NEW MEXICO --
The hum of
turbine engines fills the air on a chilly December morning at the White Sands
Missile Range in southern New Mexico. Cresting the horizon, two C-130 Hercules
military transport aircraft approach a makeshift runway on the desert floor.
The first plane lands and offloads Marines and tactical communications gear.
The second aircraft lands downrange of the first and offloads an M142 High
Mobility Artillery Rocket System and a launch team.
the Marines are ready to send rounds downrange. The fire mission comes over the
radio from the Force Artillery Headquarters and the communications team quickly
relays it to the launcher.
begins and observers hold their breath awaiting the launch.
pierces the air and the HIMARS is enveloped in smoke. Seconds later, a second
rocket leaves the launcher and follows the trajectory of the first. Over 30 kilometers away, the target is split
in half as impacts from the rockets erase its existence across the white desert
These are the
Marines of Battery D, 2nd Battalion, 14th Marine Regiment, 4th Marine Division,
and they conducted a live-fire HIMARS air raid at White Sands Missile Range,
New Mexico, Dec. 4, 2015.
essentially trying to test the capability of the HIMARS to launch an air raid
from any position,” said Sgt. Garrett S. Zurich, HIMARS launcher section chief,
1st platoon, Battery D. “We were able to land, fire a guided munition at an
enemy target, re-embark and get out of the firing position.”
span of a few hours, the Marines were able to transport two separate HIMARS
launcher teams from Biggs Army Airfield in Fort Bliss, Texas, and fire six
guided multiple launch rocket system unitary rounds to eliminate a target 31
this mission over a single drill weekend, the Marines required coordination
from the 14th Marines regimental headquarters, which served as a Force
Artillery Headquarters, 2nd Battalion inspector and instructor staff, the
Army’s 1st Armored Division Artillery, White Sands Missile Range personnel,
Marine Aerial Refueler Transport Squadron 452, Marine Aircraft Group 49, 4th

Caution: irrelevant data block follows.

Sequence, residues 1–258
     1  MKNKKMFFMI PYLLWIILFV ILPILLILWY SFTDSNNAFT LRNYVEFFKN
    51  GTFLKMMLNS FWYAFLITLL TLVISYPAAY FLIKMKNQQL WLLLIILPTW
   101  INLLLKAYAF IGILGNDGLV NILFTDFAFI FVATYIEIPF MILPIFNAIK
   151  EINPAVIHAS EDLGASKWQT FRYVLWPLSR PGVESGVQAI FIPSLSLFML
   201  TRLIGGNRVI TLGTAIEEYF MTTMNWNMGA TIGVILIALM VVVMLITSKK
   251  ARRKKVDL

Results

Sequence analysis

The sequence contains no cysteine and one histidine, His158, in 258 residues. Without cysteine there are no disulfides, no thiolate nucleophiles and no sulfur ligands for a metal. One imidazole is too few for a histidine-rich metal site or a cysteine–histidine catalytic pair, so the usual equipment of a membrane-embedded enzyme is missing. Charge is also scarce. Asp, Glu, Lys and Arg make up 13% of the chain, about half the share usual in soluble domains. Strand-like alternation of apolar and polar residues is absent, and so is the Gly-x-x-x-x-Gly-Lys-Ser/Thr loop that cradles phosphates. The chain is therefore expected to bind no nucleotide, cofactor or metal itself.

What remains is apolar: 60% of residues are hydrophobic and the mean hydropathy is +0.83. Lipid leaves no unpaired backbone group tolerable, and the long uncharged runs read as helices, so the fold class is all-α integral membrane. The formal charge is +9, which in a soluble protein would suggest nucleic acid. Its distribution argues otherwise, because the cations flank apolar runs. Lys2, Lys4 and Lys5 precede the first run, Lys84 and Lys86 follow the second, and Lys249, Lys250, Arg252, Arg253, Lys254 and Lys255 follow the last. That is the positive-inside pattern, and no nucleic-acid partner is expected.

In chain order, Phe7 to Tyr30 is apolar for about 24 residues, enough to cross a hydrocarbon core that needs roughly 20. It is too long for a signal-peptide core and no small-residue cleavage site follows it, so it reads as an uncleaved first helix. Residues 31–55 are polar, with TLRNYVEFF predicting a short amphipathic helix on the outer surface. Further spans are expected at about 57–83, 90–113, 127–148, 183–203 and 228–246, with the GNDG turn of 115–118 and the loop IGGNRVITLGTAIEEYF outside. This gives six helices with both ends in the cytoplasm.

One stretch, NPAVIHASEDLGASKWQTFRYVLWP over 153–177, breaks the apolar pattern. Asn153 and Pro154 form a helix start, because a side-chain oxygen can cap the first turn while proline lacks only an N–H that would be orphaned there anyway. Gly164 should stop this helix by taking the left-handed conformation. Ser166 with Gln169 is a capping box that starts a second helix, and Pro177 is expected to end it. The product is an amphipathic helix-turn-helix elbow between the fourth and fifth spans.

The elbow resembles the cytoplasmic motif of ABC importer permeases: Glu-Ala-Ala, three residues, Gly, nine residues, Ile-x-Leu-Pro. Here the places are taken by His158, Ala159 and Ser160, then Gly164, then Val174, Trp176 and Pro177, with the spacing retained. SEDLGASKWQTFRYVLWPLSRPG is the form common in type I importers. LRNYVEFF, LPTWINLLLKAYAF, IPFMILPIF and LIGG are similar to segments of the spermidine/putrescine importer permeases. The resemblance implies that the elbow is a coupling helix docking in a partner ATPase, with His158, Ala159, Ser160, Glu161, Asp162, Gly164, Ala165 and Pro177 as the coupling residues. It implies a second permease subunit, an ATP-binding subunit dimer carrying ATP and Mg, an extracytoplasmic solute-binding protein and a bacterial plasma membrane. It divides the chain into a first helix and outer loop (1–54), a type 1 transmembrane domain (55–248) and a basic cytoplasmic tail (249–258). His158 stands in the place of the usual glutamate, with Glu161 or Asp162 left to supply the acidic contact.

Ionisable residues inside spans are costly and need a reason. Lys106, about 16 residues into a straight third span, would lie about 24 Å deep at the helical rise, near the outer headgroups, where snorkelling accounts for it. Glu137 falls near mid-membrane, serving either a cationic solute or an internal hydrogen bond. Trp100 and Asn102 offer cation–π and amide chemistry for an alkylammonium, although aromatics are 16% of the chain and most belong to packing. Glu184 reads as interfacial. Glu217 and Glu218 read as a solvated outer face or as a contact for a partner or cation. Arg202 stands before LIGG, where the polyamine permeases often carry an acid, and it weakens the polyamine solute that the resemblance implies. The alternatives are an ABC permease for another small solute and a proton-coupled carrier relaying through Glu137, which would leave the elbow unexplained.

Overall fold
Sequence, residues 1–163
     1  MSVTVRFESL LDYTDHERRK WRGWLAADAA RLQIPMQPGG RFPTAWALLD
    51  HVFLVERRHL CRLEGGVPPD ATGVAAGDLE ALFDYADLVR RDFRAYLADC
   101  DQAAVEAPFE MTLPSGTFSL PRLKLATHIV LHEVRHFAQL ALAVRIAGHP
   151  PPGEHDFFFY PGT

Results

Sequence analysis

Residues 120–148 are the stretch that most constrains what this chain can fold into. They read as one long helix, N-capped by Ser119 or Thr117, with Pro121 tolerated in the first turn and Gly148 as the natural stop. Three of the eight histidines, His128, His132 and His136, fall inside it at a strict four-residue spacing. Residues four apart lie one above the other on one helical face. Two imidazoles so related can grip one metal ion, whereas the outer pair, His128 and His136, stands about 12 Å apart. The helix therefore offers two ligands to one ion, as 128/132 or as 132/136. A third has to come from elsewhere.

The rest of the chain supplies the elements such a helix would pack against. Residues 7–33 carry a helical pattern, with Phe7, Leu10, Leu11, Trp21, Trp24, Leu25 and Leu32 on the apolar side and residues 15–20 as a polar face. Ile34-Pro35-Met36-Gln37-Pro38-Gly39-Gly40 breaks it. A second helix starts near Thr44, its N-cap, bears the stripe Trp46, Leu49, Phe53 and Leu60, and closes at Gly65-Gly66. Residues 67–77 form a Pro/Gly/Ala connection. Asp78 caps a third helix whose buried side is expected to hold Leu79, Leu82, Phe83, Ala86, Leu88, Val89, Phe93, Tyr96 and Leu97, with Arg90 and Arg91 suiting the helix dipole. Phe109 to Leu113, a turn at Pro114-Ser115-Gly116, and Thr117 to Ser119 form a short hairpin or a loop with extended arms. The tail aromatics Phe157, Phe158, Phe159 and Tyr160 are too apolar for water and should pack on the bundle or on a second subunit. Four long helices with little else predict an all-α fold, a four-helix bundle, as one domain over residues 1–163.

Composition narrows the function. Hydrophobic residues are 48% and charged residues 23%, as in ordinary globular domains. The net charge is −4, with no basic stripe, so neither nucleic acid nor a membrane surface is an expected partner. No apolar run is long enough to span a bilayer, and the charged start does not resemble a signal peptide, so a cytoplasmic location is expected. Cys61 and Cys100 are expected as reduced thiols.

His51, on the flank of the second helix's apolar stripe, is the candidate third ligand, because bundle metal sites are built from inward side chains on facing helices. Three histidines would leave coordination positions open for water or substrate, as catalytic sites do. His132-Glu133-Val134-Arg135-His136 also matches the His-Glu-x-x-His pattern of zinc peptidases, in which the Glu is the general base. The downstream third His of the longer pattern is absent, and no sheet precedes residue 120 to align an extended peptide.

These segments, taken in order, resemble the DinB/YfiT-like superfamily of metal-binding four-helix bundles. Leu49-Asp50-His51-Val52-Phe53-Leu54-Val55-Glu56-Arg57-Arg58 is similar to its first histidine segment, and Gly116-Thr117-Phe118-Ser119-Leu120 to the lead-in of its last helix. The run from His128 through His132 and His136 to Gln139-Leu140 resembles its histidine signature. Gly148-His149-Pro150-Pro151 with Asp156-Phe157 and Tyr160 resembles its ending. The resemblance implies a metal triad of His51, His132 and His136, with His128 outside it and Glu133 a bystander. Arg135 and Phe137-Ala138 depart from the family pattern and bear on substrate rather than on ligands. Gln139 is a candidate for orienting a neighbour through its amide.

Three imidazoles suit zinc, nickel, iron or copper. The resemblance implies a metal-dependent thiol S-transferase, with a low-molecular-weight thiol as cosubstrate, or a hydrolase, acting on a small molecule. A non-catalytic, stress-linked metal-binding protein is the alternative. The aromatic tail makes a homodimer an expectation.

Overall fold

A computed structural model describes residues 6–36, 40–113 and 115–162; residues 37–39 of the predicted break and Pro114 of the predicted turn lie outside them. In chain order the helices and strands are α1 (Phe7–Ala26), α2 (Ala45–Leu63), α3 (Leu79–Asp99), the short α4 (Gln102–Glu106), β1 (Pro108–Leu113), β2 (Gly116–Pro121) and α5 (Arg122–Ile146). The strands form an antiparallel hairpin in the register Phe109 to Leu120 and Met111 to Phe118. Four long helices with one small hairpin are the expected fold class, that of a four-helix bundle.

Marine Aircraft Wing and VMGR-234, MAG-41, 4th MAW.
the mission at the force artillery headquarters in Fort Worth, and transmitted
it 800 miles via digital high-frequency transmission to a mobile platoon
operations center at White Sands Missile Range that had gotten off a C-130 just
five minutes prior, and put rounds on target,” said Col. Joseph Russo,
commanding officer, 14th Marine Regiment.
aspects of this mission had been practiced in the past, this event was the
first time a Marine Corps unit has employed this tactic using HIMARS and live
exercised several of the individual portions of this event in the past, but
hadn’t brought them all together,” Russo said.
“We’ve conducted long-range digital HF communications over 800 miles
before, but hadn’t tied them into a live fire raid event. We’ve loaded HIMARS launchers into aircraft
before, but never live-fired them during a raid exercise. We’ve live-fired GMLRS unitary rounds before,
but not done so within the constraints of a tactical scenario.”
The end result
showcases the ability of the HIMARS launchers to enhance a Marine Air-Ground
demonstrated to the Marine Corps a unique, relevant and marketable capability
to provide precision fires against an objective that may otherwise be too well
protected to risk manned aircraft against, or out of range of other
surface-to-surface fire capabilities,” Russo said. “This offers MAGTF or a
joint commander an additional proven option.”
the instability in various regions of the world, this HIMARS tactic keeps
Marine Forces Reserve ready to respond to any threat that may arise in the Marine
Corps’ current areas of operation.
“It proves that
the HIMARS can be highly mobile,” Zurich said. “At any point, at any time, we
can get on an airplane, go anywhere in the world, eliminate a target, get out, land
again and refocus.”